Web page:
GuerrillaReads No. 94: Ian Brennan

Ian Brennan is probably best known as a Grammy-winning producer, working with acts that include Ramblin’ Jack Elliott, Tinariwen, Lucinda Williams and David Hidalgo (Los Lobos). Some folks also know him as the author of three books (and a fourth one coming soon).

Brennan’s most recent novella, Sister Maple Syrup Eyes, is a fictionalized account of a man who survives his partner’s rape. It’s something Brennan knows about from a very personal experience.

At age 21, Brennan’s life was forever changed when his first love was raped. He describes his experience this way:

I knew full well that the trauma I’d experienced was infinitesimal compared to hers. Yet, nonetheless, it was still devastating and changed the course of my entire life. The one thing I was determined to do was to try to produce something good from that bad, a celebration and memorial of what was, and that if it leant some small healing to even one person, it was somehow worth the while to help tip the scales however insignificantly back towards sanity.

Brennan has gone on to train people in violence prevention, anger-management, and conflict resolution at shelters, schools, hospitals, clinics, jails and drug-treatment centers across the US and in Europe, Africa, Asia and the Middle East. This book delves more deeply, exploring the experience of the other victim of rape.

Watch Brennan’s guerrilla reading here, and learn more about the book.



GuerrillaReads No. 93: Norman Molesko

Norman Molesko is LA’s own “young oldie” poet. He’s an ambassador for seniors, and he’s currently working his second-half-of-life-career in the Senior-Advocacy-Through-Poetry-Program (SATPP), in partnership with the Los Angeles Poet Society.

True to form, Molesko read his poetry at the 2015 LitCrawl in Los Angeles at the NoHo Red Line Metro stop. Think you can keep up with this guy? Go ahead, give it a try!

GuerrillaReads No. 92: Juan Cardenas

The Los Angeles Poet Society was out in force at the 2015 LitCrawl in Los Angeles. They read and recited their poetry at the North Hollywood red line Metro station. GuerrillaReads caught Juan Cardenas on camera while we were there.

Cardenas is a poet, drummer and classically trained flautist, as well as a bilingual educator with California Poets in the Schools. He was born in Leon, Guanajuato, Mexico, crossed the desert with his family at the young age of 10, and was raised in the north San Fernando Valley. Here he reads a poem about his first-hand experiences, Border Truth Number 170.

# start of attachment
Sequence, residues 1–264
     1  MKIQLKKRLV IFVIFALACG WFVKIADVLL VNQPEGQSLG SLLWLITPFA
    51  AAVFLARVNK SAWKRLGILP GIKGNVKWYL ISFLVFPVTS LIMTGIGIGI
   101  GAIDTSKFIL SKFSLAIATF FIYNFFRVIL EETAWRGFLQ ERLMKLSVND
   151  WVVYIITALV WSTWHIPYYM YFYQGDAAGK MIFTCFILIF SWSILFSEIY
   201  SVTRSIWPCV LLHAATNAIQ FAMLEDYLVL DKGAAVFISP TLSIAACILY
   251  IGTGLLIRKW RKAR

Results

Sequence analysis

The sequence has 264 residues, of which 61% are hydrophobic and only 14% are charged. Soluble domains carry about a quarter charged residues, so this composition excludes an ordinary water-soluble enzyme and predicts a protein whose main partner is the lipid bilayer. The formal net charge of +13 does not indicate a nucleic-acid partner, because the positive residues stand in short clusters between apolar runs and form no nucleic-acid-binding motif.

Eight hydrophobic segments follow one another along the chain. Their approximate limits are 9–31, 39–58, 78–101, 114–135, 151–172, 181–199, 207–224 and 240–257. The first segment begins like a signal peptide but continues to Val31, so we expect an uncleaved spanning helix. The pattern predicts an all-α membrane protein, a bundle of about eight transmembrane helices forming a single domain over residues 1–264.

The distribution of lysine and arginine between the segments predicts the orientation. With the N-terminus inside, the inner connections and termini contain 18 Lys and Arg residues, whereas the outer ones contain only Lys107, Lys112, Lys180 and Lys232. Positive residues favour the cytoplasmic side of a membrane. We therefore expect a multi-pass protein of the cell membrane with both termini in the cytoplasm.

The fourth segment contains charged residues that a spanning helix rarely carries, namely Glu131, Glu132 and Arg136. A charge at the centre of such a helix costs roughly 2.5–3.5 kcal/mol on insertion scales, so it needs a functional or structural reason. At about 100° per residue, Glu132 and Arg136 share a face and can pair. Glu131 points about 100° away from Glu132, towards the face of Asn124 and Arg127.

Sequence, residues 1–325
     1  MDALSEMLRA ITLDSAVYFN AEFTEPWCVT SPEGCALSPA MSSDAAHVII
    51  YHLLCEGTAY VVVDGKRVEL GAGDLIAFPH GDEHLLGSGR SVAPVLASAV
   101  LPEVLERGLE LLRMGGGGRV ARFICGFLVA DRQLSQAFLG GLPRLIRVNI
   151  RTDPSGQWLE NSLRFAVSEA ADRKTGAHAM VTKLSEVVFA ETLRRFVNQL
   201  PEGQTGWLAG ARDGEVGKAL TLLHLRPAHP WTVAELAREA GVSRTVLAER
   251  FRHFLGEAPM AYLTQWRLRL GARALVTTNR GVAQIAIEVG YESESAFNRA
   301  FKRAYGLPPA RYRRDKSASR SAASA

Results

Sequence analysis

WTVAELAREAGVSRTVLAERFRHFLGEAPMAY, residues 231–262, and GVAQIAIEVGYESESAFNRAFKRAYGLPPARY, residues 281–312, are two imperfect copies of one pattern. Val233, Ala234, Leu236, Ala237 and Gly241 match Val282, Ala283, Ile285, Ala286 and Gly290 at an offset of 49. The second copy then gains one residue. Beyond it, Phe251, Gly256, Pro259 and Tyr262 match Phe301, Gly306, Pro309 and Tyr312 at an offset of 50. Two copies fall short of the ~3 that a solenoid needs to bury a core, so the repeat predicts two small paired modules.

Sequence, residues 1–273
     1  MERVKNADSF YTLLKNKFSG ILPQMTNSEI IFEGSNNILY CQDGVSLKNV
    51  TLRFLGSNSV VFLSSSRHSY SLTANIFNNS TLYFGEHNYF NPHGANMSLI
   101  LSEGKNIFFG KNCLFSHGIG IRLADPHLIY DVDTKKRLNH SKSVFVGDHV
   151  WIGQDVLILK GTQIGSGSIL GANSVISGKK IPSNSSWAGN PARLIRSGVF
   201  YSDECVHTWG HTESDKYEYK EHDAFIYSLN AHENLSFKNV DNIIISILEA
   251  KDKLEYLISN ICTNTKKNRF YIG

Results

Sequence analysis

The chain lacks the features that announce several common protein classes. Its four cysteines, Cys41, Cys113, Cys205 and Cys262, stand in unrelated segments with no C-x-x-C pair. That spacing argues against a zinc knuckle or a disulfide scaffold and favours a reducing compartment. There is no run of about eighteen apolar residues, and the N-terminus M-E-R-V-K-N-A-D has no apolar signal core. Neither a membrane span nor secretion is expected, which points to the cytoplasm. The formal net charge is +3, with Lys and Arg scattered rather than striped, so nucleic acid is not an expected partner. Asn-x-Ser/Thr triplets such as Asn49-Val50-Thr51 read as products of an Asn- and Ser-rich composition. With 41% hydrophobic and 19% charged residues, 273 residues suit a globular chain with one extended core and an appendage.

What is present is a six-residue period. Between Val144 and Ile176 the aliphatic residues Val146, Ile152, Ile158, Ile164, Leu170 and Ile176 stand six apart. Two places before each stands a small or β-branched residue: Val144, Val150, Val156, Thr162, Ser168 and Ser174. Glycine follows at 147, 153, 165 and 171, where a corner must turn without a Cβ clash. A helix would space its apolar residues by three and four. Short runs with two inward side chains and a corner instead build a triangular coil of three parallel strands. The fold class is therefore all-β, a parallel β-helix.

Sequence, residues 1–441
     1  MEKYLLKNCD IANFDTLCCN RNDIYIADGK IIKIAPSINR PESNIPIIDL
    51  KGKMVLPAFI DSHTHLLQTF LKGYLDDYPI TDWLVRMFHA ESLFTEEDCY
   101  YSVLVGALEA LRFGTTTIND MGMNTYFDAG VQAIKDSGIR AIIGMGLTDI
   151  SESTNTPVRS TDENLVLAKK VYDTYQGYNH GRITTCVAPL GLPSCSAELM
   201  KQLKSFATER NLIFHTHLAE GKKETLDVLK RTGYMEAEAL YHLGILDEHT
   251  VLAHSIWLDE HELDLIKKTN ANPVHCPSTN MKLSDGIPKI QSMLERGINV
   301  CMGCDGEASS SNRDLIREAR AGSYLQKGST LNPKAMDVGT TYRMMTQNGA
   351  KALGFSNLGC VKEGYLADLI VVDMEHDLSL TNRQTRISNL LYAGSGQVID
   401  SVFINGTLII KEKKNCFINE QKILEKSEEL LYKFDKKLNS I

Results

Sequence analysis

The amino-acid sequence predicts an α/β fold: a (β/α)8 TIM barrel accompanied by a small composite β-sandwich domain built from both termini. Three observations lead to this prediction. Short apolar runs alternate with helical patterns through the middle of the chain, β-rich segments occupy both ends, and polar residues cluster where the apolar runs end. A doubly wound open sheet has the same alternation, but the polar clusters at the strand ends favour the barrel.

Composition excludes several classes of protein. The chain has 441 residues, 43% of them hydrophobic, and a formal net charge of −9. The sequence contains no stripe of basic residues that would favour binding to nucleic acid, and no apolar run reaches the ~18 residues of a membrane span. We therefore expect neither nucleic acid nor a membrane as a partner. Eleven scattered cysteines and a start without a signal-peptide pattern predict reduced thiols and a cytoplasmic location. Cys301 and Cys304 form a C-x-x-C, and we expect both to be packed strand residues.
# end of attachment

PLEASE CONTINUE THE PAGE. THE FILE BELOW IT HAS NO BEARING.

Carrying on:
Look for guerrilla readings from three more LAPS poets at the LitCrawl – coming soon!

GuerrillaReads No. 91: Ifalade TaShia Asanti

Ifalade TaShia Asanti is a poet, performer and seer. In her poem, Sistah I Sing For You, she writes

i drum at sunrise for the common ancestors that walk with us
for the garbage in our oceans
wombs of broken glass
trust crushed in seas of betrayal

GuerrillaReads caught up with Asanti at LA’s first ever Blk Grrrl Book Fair where she did a guerrilla reading of her poem The Oracle. Learn more about her on her website.

GuerrillaReads No. 90: Savannah Mae Jenkins

Watch out, 50 Shades of Grey, here comes Fluid: Out of Darkness Comes Light, a collection of grown and sexy stories about the locomotive power contained in the 7th chakra. In this guerrilla reading, Savannah Mae Jenkins, who co-authored the book with Tiffany Maxwell, gives us just a taste of what’s inside the covers. It’s the first mildly NSFW reading I’ve ever posted to GuerrillaReads, so watch at your own risk – you might get scalded.

GuerrillaReads No. 89: Peter J. Harris

Peter J. Harris is an African American cultural worker who has published poetry, essays, and fiction in a wide range of national publications since the 1970s. He has worked as a publisher, journalist, editor and broadcaster. He’s also been an educator, and workshop leader for adults and adolescents.

Harris’s work often explores the lives of Black men, and this guerrilla reading is no exception. GR caught up with him at the Blk Grrrl Book Fair in South Central LA, where he read from his latest book, The Black Man of Happiness.

GuerrillaReads No. 88: Charles Degelman

Charles Degelman has been an antiwar activist, political theater artist, musician, communard, carpenter, hard-rock miner, and itinerant gypsy trucker, and eventually grew up to be a writer, editor, and educator living in Los Angeles.

He recently returned to his guerrilla roots for this reading of his new novel, A Bowl Full of Nails, set in the counterculture of the 1970s. Nails was a finalist in the PEN/Bellwether Prize for Socially Engaged Fiction, founded by Barbara Kingsolver. It will be published by Harvard Square Editions in February 2015.

Degelman teaches writing and media studies at California State University, Los Angeles. You can find out more at his website.